The opening ceremonies were where we met the other teams, the organizers, and the volunteers. Each team is assigned a Chef de Mission, or handler, to help with translating or getting any needed equipment. Our Chef this year was Marc, the same guy we had last year. It was nice seeing him again (along with his fiance Claire who was also a Chef de Mission). He is a very excitable and talkative kind of guy, so he makes the various carving events fun and memorable. This year, there was another team from the U.S.A. (there were two for some reason), three guys from Maine. They had never carved snow before, so they were all excited and interested to hear what it is like to carve. They are stone carvers and carpenters in real life, so they were no strangers to subtractive work, but they had a lot of questions about the snow (that we didn’t really know either).
There was a team from Germany, three nice ladies from Potsdam, near Berlin. They were very surprised to hear that I was also from Potsdam, and after a bit of confusion, they realized I was talking about the NY version and not the real one. It was a good laugh for a bit though. Other teams were Canada (a sculptor, a police woman, and a student), Morocco (primarily sand sculptors), and France. This year, there was some sort of funding problem, so many teams didn’t make it to the competition. Overall, though, it was a great group of people this year.
Opening night was a lot speeches and celebration (Bonhomme came by and gave us a pep talk) but it was also a time to meet the judges. Each team was allowed to present a maquette to the judges to make sure any changes could be accommodated and accounted for at the end. It seemed weird talking to the judges after having been the judge the previous week, but every competition has a different way they like to do things. The judges in Quebec take it very seriously and with good reason, this is a big-deal part of the festival.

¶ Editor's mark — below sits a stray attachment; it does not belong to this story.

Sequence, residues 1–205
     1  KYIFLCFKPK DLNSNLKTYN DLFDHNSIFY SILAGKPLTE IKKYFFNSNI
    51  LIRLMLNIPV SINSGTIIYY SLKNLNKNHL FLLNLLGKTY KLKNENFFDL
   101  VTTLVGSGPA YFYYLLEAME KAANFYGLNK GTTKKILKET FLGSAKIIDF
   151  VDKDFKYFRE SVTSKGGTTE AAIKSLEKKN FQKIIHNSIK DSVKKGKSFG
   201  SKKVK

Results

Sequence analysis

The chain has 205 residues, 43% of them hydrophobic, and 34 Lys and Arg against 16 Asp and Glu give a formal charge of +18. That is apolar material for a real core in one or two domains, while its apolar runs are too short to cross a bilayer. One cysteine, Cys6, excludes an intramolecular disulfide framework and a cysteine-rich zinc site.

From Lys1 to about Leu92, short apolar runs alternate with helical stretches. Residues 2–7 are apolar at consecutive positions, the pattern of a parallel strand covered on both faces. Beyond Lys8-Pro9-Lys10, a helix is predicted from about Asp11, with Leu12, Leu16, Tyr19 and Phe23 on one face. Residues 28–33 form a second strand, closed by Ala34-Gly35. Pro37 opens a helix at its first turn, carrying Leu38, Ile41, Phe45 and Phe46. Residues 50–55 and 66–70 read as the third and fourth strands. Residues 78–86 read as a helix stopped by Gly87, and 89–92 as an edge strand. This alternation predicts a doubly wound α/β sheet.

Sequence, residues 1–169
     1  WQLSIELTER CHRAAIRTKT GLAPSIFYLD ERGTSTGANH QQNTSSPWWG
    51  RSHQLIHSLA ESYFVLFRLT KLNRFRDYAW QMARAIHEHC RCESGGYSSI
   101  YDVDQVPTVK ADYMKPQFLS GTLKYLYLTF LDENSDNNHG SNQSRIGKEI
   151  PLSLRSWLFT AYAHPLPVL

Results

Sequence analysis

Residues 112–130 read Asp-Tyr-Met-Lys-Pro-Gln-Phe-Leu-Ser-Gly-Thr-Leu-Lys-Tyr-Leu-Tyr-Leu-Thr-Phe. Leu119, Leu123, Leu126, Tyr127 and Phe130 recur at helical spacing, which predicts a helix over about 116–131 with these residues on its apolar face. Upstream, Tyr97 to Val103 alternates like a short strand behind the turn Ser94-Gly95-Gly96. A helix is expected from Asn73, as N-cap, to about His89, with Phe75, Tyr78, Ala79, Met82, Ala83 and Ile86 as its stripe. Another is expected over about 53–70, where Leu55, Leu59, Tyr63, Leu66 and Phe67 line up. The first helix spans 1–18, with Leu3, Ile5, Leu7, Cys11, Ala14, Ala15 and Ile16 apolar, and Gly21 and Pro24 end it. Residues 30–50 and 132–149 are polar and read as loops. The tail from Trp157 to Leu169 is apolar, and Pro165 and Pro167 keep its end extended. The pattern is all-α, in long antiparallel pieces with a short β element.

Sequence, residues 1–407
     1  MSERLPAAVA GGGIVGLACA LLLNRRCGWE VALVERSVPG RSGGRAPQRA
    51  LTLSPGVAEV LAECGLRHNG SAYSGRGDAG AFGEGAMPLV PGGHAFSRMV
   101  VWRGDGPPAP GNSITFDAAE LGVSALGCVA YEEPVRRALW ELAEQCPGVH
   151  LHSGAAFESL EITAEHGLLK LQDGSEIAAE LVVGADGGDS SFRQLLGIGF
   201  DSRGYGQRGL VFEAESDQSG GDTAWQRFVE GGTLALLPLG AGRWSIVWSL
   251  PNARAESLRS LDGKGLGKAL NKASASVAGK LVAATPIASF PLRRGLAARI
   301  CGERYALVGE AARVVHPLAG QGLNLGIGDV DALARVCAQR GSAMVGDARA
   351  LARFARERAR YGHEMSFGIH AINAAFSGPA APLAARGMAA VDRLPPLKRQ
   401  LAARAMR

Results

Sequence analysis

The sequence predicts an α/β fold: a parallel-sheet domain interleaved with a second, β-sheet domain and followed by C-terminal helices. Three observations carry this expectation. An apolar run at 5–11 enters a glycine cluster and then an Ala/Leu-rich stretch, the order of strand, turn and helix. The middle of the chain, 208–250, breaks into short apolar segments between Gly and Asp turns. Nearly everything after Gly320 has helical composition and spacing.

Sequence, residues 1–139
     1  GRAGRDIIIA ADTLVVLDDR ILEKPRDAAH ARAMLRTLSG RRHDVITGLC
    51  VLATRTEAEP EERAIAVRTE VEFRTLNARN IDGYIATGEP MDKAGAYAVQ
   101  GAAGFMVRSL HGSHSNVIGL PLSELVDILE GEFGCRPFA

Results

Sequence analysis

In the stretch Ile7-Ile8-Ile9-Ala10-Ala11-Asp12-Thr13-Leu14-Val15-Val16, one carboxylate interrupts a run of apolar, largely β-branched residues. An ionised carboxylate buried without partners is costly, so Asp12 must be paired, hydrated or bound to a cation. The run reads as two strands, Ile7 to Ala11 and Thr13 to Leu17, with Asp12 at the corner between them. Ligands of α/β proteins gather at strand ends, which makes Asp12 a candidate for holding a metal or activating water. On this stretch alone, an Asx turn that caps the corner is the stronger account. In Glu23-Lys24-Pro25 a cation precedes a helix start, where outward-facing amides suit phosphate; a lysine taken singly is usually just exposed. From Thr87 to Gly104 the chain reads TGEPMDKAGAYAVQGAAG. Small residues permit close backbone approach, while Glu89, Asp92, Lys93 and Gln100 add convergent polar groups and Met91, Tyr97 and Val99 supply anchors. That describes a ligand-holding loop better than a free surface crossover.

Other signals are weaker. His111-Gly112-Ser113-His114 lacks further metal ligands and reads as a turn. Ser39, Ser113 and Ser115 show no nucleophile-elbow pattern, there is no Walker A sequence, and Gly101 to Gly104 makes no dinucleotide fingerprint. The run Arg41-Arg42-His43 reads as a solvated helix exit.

Day one was exhausting, partly because I had already been carving for a week, and partly because the snow was hard as cement. Snow is temperature dependent, so when it is -20 the snow becomes extremely difficult to work with. We were prepared with some new tools this year, so that was a big help, but it was still pretty slow going. Basically, at that temperature you are carving ice more than snow. Most of the teams only lasted about 9 hours on the first day because of the cold temperatures, and in our case, pacing. Our strategy was to pace our selves and not get too tired so that we could have a chance later in the week.
The snow was excellent quality, in fact, it is the best snow we’ve carved in a long time. Todd, the snow block maker, really put a lot of effort an attention into the blocks (as usual). Even though the snow was hard, it was fine grained and consistent with just a little ice here and there–which is ideal compared to many competitions. They use man-made snow, so it is much easier to carve and anticipate while you are carving.
For meals, each team is required to stop and be off-site during the meal time. I think this is for safety mostly, but it is very European compared to the other competitions that I have been in. Other events tend to be 24/7 where competitors can come and go at will. This competition also has a 10pm curfew except for the last night when we could work all night. The advantages are that all the sculptors are more included and there is more camaraderie among participants. Also, more sleep time. The drawback is that if you are sculpting on someone else’s schedule, which can sometimes be tough for the creative types.
Day 2 was a short day because we went to a sugar shack in the late afternoon and were done carving for the day. Sugar shacks are fun winter-time restaurants in Quebec that serve maple syrup themed dinners. It’s kind of like breakfast for diner with a musician and dancing. They seem to cater to groups of people and probably tourists, but the locals that we went with knew all the songs and all the dance moves.
The music is pretty accordion heavy, so it is not your typical stage show. This year, the place we went to was on Ile d’Orleans just outside of Quebec City. We loaded up a yellow school bus and headed out on some very slippery roads at quite a fantastic rate of speed. Luckily, the windows were totally frosted over, so I couldn’t see if we were about the crash or not. Pancakes, beans, ham, and beer were the fare that night, so it was a perfect way to end a day of carving.
Bonhomme came by, of course, because he digs the sculpture carving. He gave us another pep talk, but he must have had a cold because he sounded really different than the night before. In fact, he sounded different each time we met him. Hmmmm…
For desert, the sugar shack experience includes a maple bar, which is a fancy way to make maple taffy. The proprietor pours maple syrup into a snow covered bench, and you take a popsicle stick and roll up the hardening syrup so you can eat it. It is a super fun way to have an extremely sweet after dinner snack. My sister-in-law would not approve (she’s a dentist) but it is a very popular treat in the Quebec area.